Volunteers from Project Warm-Up already have made and collected thousands of items for the area’s hurting and needy this year, from knitted hats and blankets to kits stuffed with toiletries and high-protein snacks.
And they need supplies to keep their good work going.
“We have enough fabric on our shelves to make two blankets, but we have no batting,” said Holli Calder-Cox, the Pasco-based nonprofit’s director. “And we have fewer than 100 skeins of yarn on the shelves.”
Donations of yarn, fabric, batting and items for the kits are at the top of Project Warm-Up’s holiday wish list. So are cash donations, which the group can leverage into even more supplies. “We are couponers,” Calder-Cox noted.
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The group also could use volunteers.
Last year, Project Warm-Up was featured as part of the Herald’s first Holiday Wish List series, and the community stepped up in response, contributing, for example, more than 1,800 skeins of yarn and $2,500 to the group.
Project Warm-Up makes and collects items for other nonprofits and organizations to distribute, working with local schools and agencies such as the Benton-Franklin Health District, the Tri-City Union Gospel Mission and the Tri-Cities Cancer Center.
“We hope that (our love) shows through our work,” Calder-Cox told the Herald, adding that she’s a Christian and feels called to give back to her community. “These are my neighbors,” she said.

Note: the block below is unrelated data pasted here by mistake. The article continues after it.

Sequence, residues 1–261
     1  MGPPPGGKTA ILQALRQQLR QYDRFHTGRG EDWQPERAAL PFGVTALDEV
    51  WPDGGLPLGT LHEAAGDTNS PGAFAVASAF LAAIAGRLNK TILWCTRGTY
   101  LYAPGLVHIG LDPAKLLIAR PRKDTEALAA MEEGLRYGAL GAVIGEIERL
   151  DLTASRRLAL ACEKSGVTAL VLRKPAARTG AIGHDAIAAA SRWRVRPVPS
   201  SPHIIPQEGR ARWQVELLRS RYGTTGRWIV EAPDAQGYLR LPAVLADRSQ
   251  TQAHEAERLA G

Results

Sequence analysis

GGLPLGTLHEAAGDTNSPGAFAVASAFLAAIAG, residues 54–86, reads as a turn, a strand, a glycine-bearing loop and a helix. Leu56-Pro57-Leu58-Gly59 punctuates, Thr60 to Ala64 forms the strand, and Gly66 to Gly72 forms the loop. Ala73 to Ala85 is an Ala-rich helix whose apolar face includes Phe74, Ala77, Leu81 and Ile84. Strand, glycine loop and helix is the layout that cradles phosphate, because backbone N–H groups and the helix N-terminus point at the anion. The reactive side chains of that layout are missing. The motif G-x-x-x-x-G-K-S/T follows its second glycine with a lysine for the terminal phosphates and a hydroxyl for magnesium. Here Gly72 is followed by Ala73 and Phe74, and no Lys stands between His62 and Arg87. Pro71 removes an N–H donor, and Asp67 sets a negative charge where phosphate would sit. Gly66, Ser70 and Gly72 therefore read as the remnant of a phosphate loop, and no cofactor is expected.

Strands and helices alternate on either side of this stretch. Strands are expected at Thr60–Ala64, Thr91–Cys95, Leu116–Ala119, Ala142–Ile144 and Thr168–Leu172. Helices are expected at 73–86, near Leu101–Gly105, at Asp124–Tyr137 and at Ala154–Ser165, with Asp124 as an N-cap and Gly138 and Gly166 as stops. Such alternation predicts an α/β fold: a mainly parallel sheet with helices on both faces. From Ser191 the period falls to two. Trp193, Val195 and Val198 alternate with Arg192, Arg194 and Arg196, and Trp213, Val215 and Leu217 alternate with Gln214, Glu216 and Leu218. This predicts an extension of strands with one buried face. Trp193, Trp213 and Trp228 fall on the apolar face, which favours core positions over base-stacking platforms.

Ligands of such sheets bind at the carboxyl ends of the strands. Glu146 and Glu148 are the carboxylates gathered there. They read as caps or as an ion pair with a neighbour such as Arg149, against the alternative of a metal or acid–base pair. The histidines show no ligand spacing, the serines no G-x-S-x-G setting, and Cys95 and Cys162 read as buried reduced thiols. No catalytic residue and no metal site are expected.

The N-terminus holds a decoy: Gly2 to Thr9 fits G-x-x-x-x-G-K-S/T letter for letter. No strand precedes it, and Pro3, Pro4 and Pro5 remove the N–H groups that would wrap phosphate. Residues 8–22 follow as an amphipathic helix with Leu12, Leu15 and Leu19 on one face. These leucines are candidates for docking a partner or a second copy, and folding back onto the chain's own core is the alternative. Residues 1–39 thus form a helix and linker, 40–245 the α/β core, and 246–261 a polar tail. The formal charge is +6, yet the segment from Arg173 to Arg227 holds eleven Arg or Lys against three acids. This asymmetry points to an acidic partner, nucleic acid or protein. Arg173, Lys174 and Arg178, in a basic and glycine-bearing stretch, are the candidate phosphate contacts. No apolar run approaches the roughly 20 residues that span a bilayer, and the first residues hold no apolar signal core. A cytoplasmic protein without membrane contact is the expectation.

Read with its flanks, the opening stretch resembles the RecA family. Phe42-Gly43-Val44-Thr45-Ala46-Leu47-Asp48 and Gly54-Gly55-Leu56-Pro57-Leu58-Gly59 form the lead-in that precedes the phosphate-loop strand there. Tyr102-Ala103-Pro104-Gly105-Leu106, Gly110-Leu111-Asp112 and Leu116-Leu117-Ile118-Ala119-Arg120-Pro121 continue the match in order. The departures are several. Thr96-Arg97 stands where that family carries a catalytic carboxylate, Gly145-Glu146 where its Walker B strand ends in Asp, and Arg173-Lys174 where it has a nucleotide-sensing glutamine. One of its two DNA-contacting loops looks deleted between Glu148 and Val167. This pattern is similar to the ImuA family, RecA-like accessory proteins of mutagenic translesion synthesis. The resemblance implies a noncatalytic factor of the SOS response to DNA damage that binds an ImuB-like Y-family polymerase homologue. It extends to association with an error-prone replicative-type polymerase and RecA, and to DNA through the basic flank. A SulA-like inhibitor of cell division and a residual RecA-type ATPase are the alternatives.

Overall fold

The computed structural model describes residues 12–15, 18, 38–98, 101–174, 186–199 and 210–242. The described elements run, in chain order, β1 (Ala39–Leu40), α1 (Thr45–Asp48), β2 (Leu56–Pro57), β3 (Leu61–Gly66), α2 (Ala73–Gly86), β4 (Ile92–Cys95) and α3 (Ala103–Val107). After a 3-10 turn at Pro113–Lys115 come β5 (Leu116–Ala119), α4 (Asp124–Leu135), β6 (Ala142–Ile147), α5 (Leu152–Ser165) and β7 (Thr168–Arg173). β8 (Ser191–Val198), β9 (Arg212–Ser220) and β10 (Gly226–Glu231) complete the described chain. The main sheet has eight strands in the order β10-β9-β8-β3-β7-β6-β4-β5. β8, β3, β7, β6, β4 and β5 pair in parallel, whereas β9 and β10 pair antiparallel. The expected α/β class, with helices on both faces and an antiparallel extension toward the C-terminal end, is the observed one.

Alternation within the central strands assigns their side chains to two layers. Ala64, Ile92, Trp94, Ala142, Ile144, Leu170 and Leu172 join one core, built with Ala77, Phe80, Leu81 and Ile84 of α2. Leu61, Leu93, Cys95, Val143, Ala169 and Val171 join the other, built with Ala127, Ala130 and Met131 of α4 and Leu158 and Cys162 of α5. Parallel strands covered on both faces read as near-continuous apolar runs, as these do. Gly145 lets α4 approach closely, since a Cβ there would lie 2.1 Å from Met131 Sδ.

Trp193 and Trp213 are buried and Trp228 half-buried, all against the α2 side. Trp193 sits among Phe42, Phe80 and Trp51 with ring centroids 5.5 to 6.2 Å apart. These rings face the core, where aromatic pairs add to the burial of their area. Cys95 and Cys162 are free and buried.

Cassandra Damian of Kennewick is one of Project Warm-Up’s volunteers. She helps in the office and her mom, Belinda Calderon, also pitches in for the group.
Damian said they once struggled to get by and felt compelled to help others in tough spots. “I think it’s great — it’s an ever-expanding thing,” she said of Project Warm-Up’s work. “So many people don’t want to see (need and poverty in the community). They want to ignore and it will go away. But it won’t.”
Along with Project Warm-Up, more than two dozen other local nonprofits were featured in the Herald last December as part of the Holiday Wish List series.
It sought to highlight specific needs.
Every Herald reporter and photographer participated in the series, and donations poured in — from a new van for a traveling teacher for the Edith Bishel Center for the Blind and Visually Impaired to an anonymous $10,000 gift for the Children’s Developmental Center.
Donations can be dropped off during business hours at the nonprofit’s headquarters at Community Action Connections, 720 W. Court St., Pasco.
Project Warm-up also can be found on Facebook.